Your conscience must be taught. In order for you to please God, you need a conscience that knows the will of God and will seek to enforce it in your life. This conscience that loves truth and wisdom only exists in born again children of God, and yet it needs the instruction of God’s word to form its opinions properly on most every subject (Heb 5:14).

Your conscience must be obeyed. If you ignore it, then it becomes calloused, cauterized, and less sensitive to things, leaving you vulnerable to most any temptation (I Tim 4:2; Eph 4:19). If you reject God and His word, He can and will blind your conscience, leaving you without the candle of the LORD to direct you (Rom 1:21-28; II Cor 4:2-4).

Do you appreciate your conscience from God? Self-examination, a duty of true Christians, is done partly by the conscience (Ps 26:2; 139:23-24). It could have saved the Corinthians from judgment (I Cor 11:28-31). Do you meditate with your own heart at night (Ps 4:4; 16:7)? Do you let the preaching of God’s word convict you (Ps 73:17,21)? The confidence of a pure conscience is a wonderful and powerful thing (Pr 28:1).

Your conscience should always consider others (I Cor 10:28-33). Paul lived virtuously to avoid offending his conscience toward God or men (Acts 24:16). Such conscientiousness toward God will help you fulfill the first commandment to love God, and toward others it will help you keep the second commandment of loving your neighbor as yourself.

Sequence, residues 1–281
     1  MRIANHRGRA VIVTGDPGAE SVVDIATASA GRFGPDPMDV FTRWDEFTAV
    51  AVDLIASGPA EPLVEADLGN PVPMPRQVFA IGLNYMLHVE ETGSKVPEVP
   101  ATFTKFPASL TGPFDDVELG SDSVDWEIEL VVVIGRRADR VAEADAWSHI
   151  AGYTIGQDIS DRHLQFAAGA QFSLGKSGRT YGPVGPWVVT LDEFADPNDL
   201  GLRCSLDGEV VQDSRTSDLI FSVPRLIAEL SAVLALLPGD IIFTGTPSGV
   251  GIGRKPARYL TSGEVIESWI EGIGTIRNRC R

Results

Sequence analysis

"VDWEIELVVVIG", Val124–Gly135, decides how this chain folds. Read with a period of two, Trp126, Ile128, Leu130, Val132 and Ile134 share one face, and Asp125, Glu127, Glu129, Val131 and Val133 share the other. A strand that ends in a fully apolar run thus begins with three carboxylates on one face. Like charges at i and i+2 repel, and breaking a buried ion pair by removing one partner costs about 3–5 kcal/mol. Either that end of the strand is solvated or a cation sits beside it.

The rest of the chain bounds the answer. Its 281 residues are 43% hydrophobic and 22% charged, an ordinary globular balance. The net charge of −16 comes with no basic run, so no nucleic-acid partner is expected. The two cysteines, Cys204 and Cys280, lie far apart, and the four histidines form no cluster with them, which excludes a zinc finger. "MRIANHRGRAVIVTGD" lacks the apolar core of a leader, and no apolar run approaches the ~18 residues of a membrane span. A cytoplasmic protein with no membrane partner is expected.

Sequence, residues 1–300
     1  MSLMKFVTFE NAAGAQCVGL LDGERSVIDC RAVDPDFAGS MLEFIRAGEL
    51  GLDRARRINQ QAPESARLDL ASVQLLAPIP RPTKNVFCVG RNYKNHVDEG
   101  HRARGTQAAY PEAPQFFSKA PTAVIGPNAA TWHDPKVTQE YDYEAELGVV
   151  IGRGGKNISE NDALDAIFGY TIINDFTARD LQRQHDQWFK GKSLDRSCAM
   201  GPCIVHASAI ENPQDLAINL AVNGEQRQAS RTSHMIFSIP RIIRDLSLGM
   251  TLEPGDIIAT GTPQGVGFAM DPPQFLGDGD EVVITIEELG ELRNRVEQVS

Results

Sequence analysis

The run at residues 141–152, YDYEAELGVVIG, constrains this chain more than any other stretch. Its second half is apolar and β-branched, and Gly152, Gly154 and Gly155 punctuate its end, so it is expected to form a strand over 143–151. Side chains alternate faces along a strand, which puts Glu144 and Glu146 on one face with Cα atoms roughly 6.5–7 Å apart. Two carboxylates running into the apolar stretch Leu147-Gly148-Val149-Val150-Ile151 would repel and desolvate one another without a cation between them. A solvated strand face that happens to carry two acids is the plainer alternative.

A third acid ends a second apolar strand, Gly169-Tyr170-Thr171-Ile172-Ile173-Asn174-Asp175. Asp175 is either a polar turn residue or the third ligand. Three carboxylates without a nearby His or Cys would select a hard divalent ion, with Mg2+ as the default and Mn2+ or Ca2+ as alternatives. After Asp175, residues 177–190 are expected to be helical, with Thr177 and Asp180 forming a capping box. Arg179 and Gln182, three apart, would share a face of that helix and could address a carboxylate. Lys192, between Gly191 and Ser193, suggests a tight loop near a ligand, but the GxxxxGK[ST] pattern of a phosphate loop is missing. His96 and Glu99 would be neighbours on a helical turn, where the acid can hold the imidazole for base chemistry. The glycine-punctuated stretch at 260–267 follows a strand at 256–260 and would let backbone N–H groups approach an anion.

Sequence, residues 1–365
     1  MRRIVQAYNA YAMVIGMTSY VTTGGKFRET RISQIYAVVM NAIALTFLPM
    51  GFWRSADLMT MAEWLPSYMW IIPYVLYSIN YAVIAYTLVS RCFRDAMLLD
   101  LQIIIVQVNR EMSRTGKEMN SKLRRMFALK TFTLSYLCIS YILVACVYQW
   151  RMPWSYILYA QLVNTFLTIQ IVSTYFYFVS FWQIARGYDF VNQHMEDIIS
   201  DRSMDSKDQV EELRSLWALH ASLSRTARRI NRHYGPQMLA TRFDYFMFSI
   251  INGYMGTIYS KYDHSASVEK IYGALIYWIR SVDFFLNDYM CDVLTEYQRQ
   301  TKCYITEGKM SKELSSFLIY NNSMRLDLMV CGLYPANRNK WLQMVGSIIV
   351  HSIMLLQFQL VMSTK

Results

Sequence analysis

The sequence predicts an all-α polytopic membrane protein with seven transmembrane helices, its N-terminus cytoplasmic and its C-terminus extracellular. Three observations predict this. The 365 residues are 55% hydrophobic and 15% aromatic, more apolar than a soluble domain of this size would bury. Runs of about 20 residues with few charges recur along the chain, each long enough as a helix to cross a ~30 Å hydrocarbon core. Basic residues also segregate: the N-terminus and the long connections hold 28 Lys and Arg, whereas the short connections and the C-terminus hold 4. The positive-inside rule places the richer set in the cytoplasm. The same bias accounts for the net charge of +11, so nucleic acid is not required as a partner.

Your great goal is to grow in favor with God and men (Pr 3:1-4; Luke 2:52). Your goal is to be perfect. Your conscience can help you achieve these goals by accusing you for wrongdoing and excusing your right choices. Paul kept a good conscience at all times (II Cor 1:12; Heb 13:18), and he required it of Timothy and deacons (I Tim 1:5,19; 3:9).

One of the first acts of obedience to God is baptism, which the Bible calls the answer of a good conscience toward God (I Pet 3:21). (Infants, which do not have active consciences, were never baptized in the New Testament.) Before hearing the gospel, a regenerated man has a defiled conscience, knowing he is a sinner and deserves God’s wrath. But the gospel tells him that Jesus Christ paid for his sins, which gives him a guilt-free conscience, which pushes him to thank God for his merciful grace (Heb 9:14; 10:19-22).

Your conscience should approve or accuse you right now. If you have been living a godly and righteous life, your conscience should approve you for following this proverb. If you have been living a foolish or worldly life, often violating your conscience, then it should accuse you of wrongdoing. What will you do with this candle of the LORD? Ask God to revive it inside you (Ps 51:10), and carefully use it to guide your choices to please Him.